Hamilton County

Capt. Kenneth O. Nichols


All For Naught

Mrs. Harold Hanson of this city has just received a copy of The Stars and Stripes, weekly newspaper of the U.S. armed forces in the British Isles, which was mailed to her by her husband nearly a month ago. Included in the issue were pictures of several Iowa boys training at their various duties and also this following little article about 1st Lieut. Kenneth Nichols of this city.

SOMEWHERE IN NORTHERN IRELAND—The shortage of eggs had 1st Lt. Kenneth Nichols, of Webster City, Iowa, dreaming nights about fried eggs, baked eggs—any kind of eggs.

When his battalion bought a number of chicks, he jumped at the chance to care for them. Now he’s back dreaming of eggs again. All the chicks are roosters.

Source: Daily Freeman Journal, Webster City, IA – June 22, 1942


Two Webster City Men in Service Reported Dead in Italy.

Two more members of the Iowa National Guard company which left Webster City in 1941—Capt. Kenneth Nichols and 1st Sgt. Charles Meyers—have been killed in action in Italy, relatives here were notified Thursday.

At the same time another company member—Pvt. Larkin B. Woodie, son of Mrs. Lydia Woodie of this city—was listed as wounded in action in Italy in a war department message sent to his mother.

(Picture of Capt. Kenneth Nichols included in article)

A report that a fourth soldier—Sgt. John Baker, of this city—was missing in action, could not be verified Friday since Baker’s relatives are now located in Washington, D.C.

Captain Nichols, 34, son of Mrs. H. J. Nichols of this city, was killed in action July 11, his mother was advised Thursday by a message from the captain’s wife now living in Akron, Ohio.

Was Second Lieutenant

The Webster City officer, a second lieutenant when he left to begin training with the infantry unit at Camp Claiborne, was last heard from in a letter written June 23.

Captain Nichols had served in the Iowa National Guard since 1926 and was prominent in that unit for many years before the present conflict started. Before leaving for service, he was employed at the Beam manufacturing company. He received his promotion to first lieutenant and then to captain while serving overseas and was assigned to command his organization while in England.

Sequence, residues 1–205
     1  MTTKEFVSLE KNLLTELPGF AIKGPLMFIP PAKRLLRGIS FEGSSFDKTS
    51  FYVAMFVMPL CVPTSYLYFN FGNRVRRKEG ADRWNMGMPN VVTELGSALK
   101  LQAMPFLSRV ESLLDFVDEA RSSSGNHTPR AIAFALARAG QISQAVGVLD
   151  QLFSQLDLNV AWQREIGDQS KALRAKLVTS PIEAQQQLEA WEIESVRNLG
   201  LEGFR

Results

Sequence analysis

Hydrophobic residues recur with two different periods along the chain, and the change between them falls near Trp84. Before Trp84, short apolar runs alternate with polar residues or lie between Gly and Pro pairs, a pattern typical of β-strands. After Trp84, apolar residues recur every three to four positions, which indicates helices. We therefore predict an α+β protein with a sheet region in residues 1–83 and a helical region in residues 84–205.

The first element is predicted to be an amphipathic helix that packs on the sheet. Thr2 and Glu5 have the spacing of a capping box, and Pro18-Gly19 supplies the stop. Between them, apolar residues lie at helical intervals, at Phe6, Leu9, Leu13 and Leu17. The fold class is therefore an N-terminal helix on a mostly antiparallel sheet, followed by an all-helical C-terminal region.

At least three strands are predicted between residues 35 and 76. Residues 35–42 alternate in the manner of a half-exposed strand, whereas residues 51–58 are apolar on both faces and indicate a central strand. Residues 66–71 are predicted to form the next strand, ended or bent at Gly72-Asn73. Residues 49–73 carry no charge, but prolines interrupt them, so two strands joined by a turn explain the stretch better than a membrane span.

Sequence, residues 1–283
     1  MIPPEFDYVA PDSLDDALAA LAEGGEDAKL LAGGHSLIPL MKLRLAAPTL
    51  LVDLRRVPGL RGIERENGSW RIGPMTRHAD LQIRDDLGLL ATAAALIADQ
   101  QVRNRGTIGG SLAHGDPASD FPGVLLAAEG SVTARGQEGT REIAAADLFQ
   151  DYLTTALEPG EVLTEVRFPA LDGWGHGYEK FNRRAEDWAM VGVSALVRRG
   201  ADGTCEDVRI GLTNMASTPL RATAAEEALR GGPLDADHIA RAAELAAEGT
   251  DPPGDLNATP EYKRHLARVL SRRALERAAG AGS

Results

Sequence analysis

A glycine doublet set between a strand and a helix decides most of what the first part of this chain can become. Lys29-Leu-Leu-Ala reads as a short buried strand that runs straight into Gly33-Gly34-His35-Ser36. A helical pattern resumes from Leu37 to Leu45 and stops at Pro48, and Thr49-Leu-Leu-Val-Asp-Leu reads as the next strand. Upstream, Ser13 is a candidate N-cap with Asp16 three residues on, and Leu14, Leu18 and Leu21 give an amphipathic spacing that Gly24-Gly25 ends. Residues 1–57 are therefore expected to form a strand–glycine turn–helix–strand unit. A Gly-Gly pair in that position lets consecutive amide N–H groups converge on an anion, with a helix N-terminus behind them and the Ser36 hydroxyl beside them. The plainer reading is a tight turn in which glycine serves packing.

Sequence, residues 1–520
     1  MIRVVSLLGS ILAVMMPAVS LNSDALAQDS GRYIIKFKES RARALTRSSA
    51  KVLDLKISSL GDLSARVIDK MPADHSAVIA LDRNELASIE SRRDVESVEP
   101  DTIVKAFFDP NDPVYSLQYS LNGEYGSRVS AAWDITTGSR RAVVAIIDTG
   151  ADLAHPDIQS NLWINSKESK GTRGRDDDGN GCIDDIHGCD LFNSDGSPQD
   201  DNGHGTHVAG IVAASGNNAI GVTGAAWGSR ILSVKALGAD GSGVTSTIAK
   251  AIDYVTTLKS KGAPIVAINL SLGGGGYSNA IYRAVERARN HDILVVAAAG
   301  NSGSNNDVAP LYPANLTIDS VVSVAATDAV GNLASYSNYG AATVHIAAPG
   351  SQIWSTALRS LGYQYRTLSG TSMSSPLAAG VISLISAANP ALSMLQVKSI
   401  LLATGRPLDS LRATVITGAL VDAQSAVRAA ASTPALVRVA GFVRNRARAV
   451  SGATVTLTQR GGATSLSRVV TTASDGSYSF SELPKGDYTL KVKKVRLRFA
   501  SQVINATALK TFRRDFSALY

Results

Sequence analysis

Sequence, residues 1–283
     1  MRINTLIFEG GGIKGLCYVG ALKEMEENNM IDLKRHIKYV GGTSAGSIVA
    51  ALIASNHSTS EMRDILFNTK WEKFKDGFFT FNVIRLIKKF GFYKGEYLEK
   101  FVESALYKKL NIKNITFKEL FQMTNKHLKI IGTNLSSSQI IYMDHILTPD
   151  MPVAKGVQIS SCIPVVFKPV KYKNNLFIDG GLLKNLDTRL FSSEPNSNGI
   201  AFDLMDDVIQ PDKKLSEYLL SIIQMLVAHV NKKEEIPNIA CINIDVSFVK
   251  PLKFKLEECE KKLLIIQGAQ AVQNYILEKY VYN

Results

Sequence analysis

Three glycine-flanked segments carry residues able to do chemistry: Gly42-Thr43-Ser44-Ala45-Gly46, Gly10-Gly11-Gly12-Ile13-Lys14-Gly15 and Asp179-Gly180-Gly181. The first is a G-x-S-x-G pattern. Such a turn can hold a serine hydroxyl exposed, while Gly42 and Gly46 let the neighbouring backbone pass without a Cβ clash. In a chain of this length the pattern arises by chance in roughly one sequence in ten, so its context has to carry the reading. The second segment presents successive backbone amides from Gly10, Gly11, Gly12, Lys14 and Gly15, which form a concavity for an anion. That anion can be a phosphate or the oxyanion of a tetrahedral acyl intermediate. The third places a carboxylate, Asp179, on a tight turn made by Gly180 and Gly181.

The infantry outfit was stationed in North Ireland, England and North Africa before being transferred to Italy where it has met up with tough fighting as a unit of the Fifth army, 34th regiment.

Besides his wife, a son, Bruce, and his mother, Captain Nichols leaves two brothers, Louis and Howard, both of this city.

Source: Daily Freeman Journal, July 21, 1944

Impressive Service Honors Officer Killed in Italy Action.

A simple and impressive memorial service in honor of Capt. Kenneth O. Nichols, who lost his life on the Italian front on July 1, was held in the Universalist church Sunday at 3 p.m.  The church had been made beautiful with garden flowers and a few baskets of gladiolas and other flowers went by friends, mostly from a distance. A bank of flags of the allied nations and tall U.S. flags added to the appearance of the church.

The American Legion was represented by a large group of its members of the United Service Women’s organization and other patriotic groups were represented by some of their membership. Also, the circle of the Methodist church of which Mrs. H. J. Nichols is president, came in a group.

Choir Opens Service.
The organ was played softly for fifteen minutes while the congregation assembled. The vested choir opened the service and sang again at its close. The service was conducted by the pastor of the church, Dr. Effie McCollum Jones, who was assisted by the Rev. M. L. Aldridge, of Woodstock, Illinois, a longtime friend of Captain and Mrs. Nichols.  In presenting him, Dr. Jones said that Mr. Aldridge is a veteran of World  War I and that he went into the service, not as a chaplain as he might well have done, but as a combatant and that he was promoted to the rank of Captain of infantry before the end of that war. She did not say, as should have been said, that Captain Aldridge was a casualty in that war and received the Purple Heart and also the Silver Star Medal for gallantry beyond the ordinary, as he requested that such mention not be made.